According to the Centers for Disease Control (CDC) nearly 70 million Americans suffer from chronic sleep problems; however, this number does not begin to address the fact that most people will have problems with sleep at some point in their lives.
Insomnia is the term that is used to describe sleep that is unsatisfactory in duration, efficiency or quality and leads to daytime symptoms including fatigue, tiredness, mood fluctuations, social discomfort, increased anxiety, and problems with performance (Morin, 1993). When these sleep problems persist they can decrease a person’s quality of life and lead to health problems such as depression, anxiety, and dependence on sleeping pills (Lichstein, 2012). Any person who has suffered with chronic sleep problems should consult with his or her primary doctor in order to rule out medical causes of insomnia such as sleep apnea.
For those who have intermittent problems with sleep there are a number of strategies that can be used to improve sleep patterns. The first involves practicing good habits throughout the day that will increase the likelihood of being able to sleep well at night.
Anyone with sleep problems should start by (adapted from Lichstein, 2012):
- Minimizing caffeine
- Minimizing naps
- Increase exercise during the day (please check with your physician prior to starting a new exercise routine)
- Minimizing exercise within 2 hours of bedtime (for some it can be better to stick to morning exercise)
- Avoid smoking within 4-6 hours of bedtime
- Avoid alcohol within 4-6 hours of bedtime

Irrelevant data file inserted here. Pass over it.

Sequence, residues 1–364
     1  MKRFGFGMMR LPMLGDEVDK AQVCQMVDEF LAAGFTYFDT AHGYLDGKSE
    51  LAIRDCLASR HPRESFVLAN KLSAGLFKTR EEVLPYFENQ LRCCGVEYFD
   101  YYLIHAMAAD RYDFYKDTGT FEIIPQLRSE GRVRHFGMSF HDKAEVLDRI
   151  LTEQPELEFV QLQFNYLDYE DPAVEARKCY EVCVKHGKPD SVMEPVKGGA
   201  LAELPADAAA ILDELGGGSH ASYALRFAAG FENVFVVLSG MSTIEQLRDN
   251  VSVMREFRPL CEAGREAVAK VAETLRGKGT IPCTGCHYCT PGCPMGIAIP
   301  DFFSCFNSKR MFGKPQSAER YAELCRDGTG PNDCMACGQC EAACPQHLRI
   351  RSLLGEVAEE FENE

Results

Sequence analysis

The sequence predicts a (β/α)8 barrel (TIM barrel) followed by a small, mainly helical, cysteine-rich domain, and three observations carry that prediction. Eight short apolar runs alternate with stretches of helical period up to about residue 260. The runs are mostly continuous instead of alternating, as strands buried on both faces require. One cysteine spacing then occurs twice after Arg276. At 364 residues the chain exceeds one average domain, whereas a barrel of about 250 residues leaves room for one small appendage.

- Avoid heavy meals within 2 hours bedtime
In addition to changing daily patterns it is also important to begin to change the behaviors around the bedroom.
These changes include (adapted from Lichstein, 2012):
- Eliminating activities that are not related to sleep from the bedroom (i.e. reading, TV, computer, laying awake for long periods of time; this does not include sexual activity)
- Avoid the use of electronic devises (i.e. phones, tablets, TV)
- Get in bed only when sleepy
- Exit the bedroom if you are awake for more than 15-20 minutes
- Exit the bedroom if you wake in the middle of the night for longer than 15-20 minutes
- Wake up at the same time every day (including weekends) and get out of bed
- Turn the bedroom clock away from you
Another useful tool when trying to improve sleep is relaxation. Relaxation exercises give the mind something to focus on while also relaxing the body. Below you will find a number of links to helpful apps that can be purchased to help with sleep as well as a few links to websites with free relaxation exercises.
If you have tried a number of different approaches to help you sleep better, it is recommended that you consider consulting a psychologist trained in the treatment of insomnia. Along with helping you to apply the techniques shared above, a psychologist can also assist you in setting a restricted sleep schedule that can be used to reset your body’s internal sleep clock. In addition, psychologists can also help you to address the emotional factors and thoughts that may be contributing to your problems with sleep.
Here is a list of websites that can help you with relaxation:
Here are some recommended apps to help you relax:
Dr. Stephanie Davidson is a licensed, clinical health psychologist specializing in the use of cognitive-behavioral, humanistic and existential approaches to treat patients with a range of medical and mental health challenges. She has a strong interest in mindfulness-based interventions to heal the body and mind. Her focus is on collaboration with the goal of assisting patients in adjusting to difficult experiences and achieving a greater sense of well-being, balance and peace in their lives.
Please feel free to call the Rowan Center for Behavioral Medicine for further information 818-446-2522 or email firstname.lastname@example.org.
Lichstein, K. L. (2012, August). Insomnia across the adult life span: Diagnosis, assessment, & treatment. Workshop presented at the meeting of the Amercian Psychological Association, Orlando.
Morin, C.M. (1993) Insomnia: Psychological Assessment and Management. Guilford, New York.